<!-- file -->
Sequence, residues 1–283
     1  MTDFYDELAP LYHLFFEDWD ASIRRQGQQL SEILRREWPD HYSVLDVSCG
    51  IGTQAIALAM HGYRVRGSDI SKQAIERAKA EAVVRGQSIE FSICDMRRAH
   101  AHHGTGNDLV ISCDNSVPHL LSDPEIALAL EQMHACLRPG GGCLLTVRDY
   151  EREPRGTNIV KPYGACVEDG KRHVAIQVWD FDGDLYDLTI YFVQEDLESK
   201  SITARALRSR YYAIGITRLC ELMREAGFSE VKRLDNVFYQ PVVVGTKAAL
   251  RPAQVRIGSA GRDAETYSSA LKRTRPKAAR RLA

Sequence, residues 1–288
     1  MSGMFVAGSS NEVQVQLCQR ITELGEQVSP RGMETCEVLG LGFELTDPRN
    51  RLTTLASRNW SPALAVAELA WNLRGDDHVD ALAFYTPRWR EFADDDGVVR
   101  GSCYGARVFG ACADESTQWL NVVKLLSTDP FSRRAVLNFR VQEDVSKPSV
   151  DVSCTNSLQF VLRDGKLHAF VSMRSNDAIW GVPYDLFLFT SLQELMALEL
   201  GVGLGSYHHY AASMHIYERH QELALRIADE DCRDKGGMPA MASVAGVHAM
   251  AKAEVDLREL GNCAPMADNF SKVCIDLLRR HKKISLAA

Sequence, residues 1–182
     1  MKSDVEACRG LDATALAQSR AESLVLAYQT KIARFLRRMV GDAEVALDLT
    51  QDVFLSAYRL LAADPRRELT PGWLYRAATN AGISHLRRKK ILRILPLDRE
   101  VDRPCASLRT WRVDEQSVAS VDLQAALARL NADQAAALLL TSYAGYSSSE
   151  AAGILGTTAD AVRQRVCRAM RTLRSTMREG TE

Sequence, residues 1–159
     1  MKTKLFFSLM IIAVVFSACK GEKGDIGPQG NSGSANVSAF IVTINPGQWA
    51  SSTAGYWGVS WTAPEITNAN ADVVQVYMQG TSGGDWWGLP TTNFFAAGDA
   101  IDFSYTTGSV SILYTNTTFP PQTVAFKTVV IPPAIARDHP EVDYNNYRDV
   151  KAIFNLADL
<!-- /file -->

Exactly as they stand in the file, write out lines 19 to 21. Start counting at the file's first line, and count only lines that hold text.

   151  AAGILGTTAD AVRQRVCRAM RTLRSTMREG TE

Sequence, residues 1–159
     1  MKTKLFFSLM IIAVVFSACK GEKGDIGPQG NSGSANVSAF IVTINPGQWA